Celebrate National Women's History Month
19th century journalist Elizabeth Cochran used the name Nellie Bly when she authored the book Ten Days In The Madhouse. It is the first work of undercover journalism. She feigned insanity so that she could investigate reports of brutality and neglect at the Women's Lunatic Asylum on Blackwell's Island. The conditions in the asylum were dreadful. Rats in the rooms, appalling food,
Princess Esther Kamatari is a writer, model, and exilted Burundia princess. Esther Kamatari grew up as a member of the royal family. Following independence in 1962, the king was overthrown in a military coup d'tat, and the monarchy abolishedin 1966. Kamatari fled the country in 1970 after her father's assasination and settled in Paris, where she became a model.
Dorothy Height, (March 24, 1912 – April 20, 2010) an American administrator and educator, was a civil rights and women's rights activist specifically focused on the issues of African-American women, including unemployment, illiteracy, and voter awareness. She was the president of the National Council of Negro Women for forty years and was awarded the Presidential Medal of Freedom in 1994 and the Congressional Gold Medal in 2004.
Women are important to any society since they are the bearers of children, but to Native American tribes the women had many other very important responsibilities. Among some American Indian tribes the women would make many of the weapons that were used for hunting and war, and also built the homes they lived in, gathered firewood, as well as herbs for medicine, and nuts and berries for food.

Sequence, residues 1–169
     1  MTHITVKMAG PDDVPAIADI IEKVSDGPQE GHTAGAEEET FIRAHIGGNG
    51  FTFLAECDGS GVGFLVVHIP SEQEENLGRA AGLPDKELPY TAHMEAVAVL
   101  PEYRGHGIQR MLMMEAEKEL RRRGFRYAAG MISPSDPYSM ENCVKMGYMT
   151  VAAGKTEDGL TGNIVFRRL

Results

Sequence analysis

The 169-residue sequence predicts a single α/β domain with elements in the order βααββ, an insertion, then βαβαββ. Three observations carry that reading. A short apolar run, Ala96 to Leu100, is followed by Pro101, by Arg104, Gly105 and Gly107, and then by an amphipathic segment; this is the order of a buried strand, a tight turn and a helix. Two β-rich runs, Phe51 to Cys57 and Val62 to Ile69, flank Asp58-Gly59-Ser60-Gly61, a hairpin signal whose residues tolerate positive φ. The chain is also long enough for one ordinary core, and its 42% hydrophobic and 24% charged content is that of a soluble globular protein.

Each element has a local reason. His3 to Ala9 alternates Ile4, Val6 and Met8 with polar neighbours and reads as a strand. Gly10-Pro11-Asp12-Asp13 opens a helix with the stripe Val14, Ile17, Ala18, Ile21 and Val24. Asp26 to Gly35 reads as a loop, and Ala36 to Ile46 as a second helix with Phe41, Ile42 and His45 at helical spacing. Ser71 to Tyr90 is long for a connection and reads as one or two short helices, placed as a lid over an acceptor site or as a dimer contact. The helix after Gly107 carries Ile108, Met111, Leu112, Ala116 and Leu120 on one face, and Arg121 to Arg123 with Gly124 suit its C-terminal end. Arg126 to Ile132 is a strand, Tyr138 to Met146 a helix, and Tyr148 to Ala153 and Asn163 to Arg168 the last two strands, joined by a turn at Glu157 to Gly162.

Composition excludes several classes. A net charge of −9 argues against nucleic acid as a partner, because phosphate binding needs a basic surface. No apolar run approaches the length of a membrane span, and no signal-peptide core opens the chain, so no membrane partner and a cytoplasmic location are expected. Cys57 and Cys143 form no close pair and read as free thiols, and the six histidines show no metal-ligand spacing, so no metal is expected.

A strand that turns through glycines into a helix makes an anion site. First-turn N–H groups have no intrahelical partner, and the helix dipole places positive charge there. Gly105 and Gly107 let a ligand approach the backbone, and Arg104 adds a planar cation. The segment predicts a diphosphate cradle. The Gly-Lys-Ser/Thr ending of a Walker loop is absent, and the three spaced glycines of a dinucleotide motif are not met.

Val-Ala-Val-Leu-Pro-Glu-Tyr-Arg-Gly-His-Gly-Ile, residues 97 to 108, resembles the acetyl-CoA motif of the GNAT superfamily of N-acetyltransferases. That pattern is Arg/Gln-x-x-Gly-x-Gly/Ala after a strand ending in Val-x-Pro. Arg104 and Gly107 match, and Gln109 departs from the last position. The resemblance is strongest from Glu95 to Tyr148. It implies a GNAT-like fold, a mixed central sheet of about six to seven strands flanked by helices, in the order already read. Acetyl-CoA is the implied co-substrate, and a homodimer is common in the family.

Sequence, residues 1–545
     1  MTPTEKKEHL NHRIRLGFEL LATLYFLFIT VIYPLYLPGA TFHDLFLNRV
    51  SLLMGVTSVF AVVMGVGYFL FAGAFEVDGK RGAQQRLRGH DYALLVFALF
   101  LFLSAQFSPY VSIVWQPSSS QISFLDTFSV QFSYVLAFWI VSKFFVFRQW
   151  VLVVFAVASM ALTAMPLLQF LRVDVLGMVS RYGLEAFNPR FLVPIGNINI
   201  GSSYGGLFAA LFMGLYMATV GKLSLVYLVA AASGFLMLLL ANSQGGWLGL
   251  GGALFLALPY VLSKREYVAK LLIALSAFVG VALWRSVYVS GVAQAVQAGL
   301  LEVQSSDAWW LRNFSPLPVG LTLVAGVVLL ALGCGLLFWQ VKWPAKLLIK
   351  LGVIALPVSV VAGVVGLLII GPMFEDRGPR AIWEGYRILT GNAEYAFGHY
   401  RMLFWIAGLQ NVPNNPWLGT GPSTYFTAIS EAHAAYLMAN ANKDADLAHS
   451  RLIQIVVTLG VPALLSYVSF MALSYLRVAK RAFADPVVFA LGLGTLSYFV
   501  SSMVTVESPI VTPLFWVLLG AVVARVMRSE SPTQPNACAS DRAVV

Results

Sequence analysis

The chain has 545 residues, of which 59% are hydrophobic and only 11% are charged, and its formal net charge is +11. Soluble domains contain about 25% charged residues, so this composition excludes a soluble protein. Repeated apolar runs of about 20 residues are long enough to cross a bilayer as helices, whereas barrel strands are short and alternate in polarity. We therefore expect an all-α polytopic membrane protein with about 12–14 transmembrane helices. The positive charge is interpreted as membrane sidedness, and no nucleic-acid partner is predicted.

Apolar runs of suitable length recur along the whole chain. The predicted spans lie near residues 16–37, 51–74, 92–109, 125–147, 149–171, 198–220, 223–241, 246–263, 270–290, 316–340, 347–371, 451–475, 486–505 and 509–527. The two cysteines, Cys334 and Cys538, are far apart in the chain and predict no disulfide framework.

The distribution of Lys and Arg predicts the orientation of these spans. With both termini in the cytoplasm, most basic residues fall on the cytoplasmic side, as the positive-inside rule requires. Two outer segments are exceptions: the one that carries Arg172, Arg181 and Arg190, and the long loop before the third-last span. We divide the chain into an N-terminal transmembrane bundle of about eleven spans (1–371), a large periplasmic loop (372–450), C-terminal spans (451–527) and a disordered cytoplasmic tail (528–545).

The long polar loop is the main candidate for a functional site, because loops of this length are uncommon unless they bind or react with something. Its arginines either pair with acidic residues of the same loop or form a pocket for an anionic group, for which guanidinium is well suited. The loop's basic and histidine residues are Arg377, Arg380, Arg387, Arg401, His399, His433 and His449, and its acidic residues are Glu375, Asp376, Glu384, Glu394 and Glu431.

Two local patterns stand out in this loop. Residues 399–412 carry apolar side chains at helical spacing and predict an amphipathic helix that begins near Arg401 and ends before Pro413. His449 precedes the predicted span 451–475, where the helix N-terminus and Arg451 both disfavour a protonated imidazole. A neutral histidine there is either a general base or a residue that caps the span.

Anna Tibaijuka is the highest ranked African female in the United Nations, heading the UN-HABITAT program. She is a Swedish-educated, Tanzanian-born leader who has fought for the rights of women living in slums or without homes. Since becoming the Executive of UN-HABITAT, she has greatly increased its budget and function in the United Nations.
Coast Guard Captain Dorothy C. Stratton. USCGR (W), Ph.D. (March 24, 1899 – September 17, 2006) Stratton was the director of the SPARS, the United States Coast Guard Women’s Reserve during World War II. She is the namesake of the Coast Guard’s third National Security Cutter, the USCGC Stratton (WMSL-752). She lived to be 107.
In 1897 small groups of women joined forces to form the National Union of Women's Suffrage Societies. (NUWSS) led by Millicent Garrett Fawcett who maintained that peaceful protests were the only way to achieve equal rights for women. Millicent strongly believed that violence or trouble caused by protesters would only prove to men that women could not be trusted with the right to vote.
Bessie Blount was an African American woman who led a life that was dedicated to helping those in need. She was a physical therapist and an inventor of apparatus that was designed to help the amputees that suffered permanent injuries in World War II. Bessie Blount has been called a "savior of the handicapped" for her invention that allowed World War II disabled veterans to feed themselves, and for her unique method of teaching them to write again.
Awesome woman, Kay Metheson standing behind Scotland's Stone of Destiny. Ms. Metheson was one of four Scottish nationalists who stole the stone from Westminster Abbey on Christmas Day, 1950. The stone, the coronation seat of Scottish kings, was taken from Scotland in 1296 by Edward I and made into the seat of the coronation chair for future kings of England. Ms. Metheson and 3 others stole the stone and hid it for 5 months. In 1996 England officially returned the stone to Scotland.